Hirsch-Hoefler, Sivan, Canetti Daphna. Pedahzur, Ami (2010). Two of a Kind? Voting Motivations for Populist Radical Right and Religious Fundamentalist Parties. Electoral Studies, 29, 678-690. 
Over the last two decades a number of theoretical perspectives have emphasized the growing phenomenon of extremist political challenges. These challenges come from two main sources: largely secular radicalright-wing populism and religious fundamentalism. Yet the relationship between the two is still theoretically and empirically limited. Researchers have usually limited their discussion to only one of the phenomena, ignoring the fact that despite the basic distinction between the two (i.e., secular versus religious orientation), the literature points to many commonalities.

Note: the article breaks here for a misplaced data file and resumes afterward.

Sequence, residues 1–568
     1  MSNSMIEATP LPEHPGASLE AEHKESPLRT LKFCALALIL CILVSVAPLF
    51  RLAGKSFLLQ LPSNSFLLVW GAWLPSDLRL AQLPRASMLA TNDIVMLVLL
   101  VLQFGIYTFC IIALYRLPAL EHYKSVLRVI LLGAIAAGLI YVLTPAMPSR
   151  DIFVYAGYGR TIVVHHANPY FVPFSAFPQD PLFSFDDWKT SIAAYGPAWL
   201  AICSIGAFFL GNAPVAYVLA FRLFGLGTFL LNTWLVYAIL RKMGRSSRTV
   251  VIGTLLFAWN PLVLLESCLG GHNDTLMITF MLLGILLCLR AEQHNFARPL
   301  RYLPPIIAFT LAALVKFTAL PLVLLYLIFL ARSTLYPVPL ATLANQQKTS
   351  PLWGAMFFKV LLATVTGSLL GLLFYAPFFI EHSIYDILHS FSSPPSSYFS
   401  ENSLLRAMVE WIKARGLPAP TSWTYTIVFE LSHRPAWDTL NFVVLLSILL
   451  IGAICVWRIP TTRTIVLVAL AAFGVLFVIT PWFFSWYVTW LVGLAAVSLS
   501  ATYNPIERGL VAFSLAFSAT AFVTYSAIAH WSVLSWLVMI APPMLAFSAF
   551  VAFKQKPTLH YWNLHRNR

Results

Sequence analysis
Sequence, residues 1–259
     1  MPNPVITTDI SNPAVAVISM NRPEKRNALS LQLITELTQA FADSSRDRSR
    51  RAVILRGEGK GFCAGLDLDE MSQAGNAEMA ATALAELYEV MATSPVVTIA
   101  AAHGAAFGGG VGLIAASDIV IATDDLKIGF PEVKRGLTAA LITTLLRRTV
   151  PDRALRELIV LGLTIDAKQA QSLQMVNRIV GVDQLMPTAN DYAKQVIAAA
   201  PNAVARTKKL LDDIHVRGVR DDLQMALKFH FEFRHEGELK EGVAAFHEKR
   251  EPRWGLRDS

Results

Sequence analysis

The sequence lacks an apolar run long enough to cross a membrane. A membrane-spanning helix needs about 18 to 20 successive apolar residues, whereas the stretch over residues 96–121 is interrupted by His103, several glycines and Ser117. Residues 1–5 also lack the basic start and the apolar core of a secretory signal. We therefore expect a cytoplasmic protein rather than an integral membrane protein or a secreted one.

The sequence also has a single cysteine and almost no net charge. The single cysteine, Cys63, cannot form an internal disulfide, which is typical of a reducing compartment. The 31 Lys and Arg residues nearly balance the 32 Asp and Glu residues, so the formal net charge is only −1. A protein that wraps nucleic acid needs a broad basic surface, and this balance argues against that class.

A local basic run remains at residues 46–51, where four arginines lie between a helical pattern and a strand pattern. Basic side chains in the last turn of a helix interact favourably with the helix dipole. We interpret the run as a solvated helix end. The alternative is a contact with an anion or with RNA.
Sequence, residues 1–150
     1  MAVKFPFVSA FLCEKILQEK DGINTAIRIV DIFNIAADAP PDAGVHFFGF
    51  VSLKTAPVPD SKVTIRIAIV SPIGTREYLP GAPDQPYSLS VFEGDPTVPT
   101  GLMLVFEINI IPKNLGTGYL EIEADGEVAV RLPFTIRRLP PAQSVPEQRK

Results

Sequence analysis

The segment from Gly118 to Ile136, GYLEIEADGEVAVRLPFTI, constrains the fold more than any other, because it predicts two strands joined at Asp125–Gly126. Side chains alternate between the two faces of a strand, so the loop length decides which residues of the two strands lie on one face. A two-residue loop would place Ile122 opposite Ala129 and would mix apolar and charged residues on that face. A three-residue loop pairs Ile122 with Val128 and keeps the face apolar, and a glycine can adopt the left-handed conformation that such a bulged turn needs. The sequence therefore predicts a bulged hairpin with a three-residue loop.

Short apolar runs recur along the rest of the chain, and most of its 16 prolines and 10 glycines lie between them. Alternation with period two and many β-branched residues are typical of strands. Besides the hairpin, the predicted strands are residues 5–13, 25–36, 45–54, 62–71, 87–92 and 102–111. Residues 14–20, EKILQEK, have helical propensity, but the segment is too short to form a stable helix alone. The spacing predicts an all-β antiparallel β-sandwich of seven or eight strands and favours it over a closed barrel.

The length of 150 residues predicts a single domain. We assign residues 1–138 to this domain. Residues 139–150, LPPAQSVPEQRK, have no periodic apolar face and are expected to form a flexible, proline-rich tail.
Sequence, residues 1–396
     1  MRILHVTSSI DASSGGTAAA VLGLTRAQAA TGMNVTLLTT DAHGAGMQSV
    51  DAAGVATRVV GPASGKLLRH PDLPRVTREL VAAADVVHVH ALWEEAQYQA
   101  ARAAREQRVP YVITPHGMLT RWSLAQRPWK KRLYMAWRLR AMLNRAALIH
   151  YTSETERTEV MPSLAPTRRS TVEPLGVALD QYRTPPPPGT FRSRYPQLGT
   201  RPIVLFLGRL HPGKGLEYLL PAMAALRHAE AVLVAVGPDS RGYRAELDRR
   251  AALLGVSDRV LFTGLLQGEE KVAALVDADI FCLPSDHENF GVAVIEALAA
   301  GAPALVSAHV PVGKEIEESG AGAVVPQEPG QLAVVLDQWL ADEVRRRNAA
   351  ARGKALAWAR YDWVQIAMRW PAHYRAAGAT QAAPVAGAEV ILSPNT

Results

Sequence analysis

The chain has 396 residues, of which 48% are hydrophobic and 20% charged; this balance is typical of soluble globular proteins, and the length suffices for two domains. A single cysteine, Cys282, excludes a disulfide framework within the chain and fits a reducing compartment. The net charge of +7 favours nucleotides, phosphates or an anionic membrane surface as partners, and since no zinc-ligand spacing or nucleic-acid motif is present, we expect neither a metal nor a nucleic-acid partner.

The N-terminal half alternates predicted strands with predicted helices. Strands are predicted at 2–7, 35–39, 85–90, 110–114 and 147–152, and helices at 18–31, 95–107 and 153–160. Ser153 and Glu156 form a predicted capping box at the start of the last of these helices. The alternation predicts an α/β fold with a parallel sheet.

This article takes up the challenge by analyzing the predictive power of socioeconomic, ideological, and security threat factors on voting behavior for populistradicalright (PRR) parties and for religiousfundamentalist (RF) parties. Data collected following the Israeli parliamentary election of 2003 (N = 808) offer a challenge to the conventional, secular wisdom of right-wing extremism. The radicalrightparty family is multifaceted with at least two flanks – a hawkish nationalist flank on the one hand, and a ‘faith-based’ radical flank on the other. Implications of these distinctions for voting behavior scholars and radicalright-wing scholars are discussed
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